As some quick background, I received an anonymous email that basically said “US Legal is shifting to ECR and having stenos train them, your mileage may vary but your days are numbered.” Hit up two of my favorite friends and mentors about it. One said, “they sent it to you because you blog everything, don’t give them any air time.” The other said, “look into it, verify whether or not it’s true, and there’s not much you can do about it.”
So anyway, I took the second option, and I surveyed some people using Google/Facebook, and like me, people had heard this before. A dear friend sent me a mailer that was received from US Legal CA. They want people to transcribe from home. Then I went looking on the careers page of the website and found their New York listing for Electronic Court Reporter. Probably because we are 1099s, there’s not the slightest mention of stenographic reporter.
But this inspires some critical thought. Why would a company push so hard for transcribers and electronic recorders? My opinion? They believe that the alternative methods are where the almighty dollar is. But they rely on us not speaking about it. They rely on us not sharing this message. They rely on us continuing to work with them using our infrastructure and experience that stenography has built over the last six decades. So I have an honest message to any stenographic reporter: Leave them in the dust. Don’t take the jobs, take the clients. It’s one thing if you want to work with us and pay us well. It’s another thing entirely to position yourself to do away with us. These aren’t your clients, they are our customer base, and we’re taking it back.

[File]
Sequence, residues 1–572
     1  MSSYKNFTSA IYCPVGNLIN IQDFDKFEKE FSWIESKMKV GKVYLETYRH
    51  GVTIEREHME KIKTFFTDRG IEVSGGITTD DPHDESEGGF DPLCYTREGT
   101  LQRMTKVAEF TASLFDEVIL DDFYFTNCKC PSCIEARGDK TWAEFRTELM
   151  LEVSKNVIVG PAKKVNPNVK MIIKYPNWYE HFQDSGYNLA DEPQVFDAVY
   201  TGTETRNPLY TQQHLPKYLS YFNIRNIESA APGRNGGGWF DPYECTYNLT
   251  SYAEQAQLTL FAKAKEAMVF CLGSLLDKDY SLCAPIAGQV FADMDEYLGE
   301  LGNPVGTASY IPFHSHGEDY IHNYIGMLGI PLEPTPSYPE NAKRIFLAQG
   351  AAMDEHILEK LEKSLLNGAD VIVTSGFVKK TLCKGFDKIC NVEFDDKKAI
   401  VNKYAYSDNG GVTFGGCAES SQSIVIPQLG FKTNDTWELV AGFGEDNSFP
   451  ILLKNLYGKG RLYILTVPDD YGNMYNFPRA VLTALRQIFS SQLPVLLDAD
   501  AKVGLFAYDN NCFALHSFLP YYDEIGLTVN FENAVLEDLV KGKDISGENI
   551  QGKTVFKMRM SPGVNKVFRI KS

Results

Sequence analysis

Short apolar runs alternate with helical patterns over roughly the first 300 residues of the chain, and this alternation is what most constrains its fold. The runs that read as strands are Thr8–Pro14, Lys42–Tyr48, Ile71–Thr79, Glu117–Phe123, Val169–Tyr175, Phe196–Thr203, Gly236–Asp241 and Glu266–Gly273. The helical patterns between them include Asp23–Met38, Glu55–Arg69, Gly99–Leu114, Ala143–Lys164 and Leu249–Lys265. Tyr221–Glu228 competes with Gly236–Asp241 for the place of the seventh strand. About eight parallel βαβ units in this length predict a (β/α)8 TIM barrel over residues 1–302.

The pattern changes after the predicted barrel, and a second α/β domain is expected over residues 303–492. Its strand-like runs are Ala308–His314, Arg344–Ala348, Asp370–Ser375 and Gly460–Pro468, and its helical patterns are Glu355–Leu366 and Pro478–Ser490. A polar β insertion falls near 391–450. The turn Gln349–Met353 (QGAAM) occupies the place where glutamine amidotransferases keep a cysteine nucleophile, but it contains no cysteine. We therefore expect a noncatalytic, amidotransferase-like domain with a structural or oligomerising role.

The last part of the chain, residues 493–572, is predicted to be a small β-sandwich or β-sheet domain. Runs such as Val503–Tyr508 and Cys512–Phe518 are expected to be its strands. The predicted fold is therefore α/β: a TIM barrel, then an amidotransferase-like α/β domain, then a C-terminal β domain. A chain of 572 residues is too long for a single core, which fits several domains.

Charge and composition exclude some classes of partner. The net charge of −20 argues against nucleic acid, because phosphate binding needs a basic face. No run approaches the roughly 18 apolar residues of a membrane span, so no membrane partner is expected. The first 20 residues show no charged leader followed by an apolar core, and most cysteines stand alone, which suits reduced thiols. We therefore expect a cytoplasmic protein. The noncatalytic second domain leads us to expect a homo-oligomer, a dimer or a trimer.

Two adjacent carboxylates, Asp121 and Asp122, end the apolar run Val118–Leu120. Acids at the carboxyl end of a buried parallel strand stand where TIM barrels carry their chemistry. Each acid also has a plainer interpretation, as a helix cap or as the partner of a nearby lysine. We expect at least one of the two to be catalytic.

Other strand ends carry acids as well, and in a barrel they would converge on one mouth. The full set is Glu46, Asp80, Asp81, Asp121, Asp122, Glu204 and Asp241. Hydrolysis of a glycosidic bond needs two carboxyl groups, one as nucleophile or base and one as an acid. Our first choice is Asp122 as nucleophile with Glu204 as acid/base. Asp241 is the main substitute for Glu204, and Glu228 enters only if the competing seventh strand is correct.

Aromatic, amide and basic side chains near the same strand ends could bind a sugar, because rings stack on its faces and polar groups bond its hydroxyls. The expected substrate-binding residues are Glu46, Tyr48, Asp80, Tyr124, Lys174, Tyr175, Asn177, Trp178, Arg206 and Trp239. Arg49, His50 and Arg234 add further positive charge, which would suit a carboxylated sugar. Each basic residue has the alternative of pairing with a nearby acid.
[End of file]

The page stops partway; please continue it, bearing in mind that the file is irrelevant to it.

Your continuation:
Consider too that these companies have shown the willingness and desire to not play by the rules. In a recent decision, Holly Moose v US Legal, US Legal argued that it should not be bound by state rules because it is in the business of connecting customers with independent contractors. The court said that this logic was unpersuasive at best.
Our ability to stay vibrant and the viability of this field rely on being visible and profitable. Nobody is going to educate stenographers if we’re making transcriber money. If a company offered you double your money this year but no more jobs after that ever from anyone, would you take it? That’s what we’re looking at on a grand scale the more we put our heads in the sand. Companies exist out of convenience to their investors. Reduce that margin, watch them pull out, and let the work flow naturally where it needs to: Stenographic court reporters.
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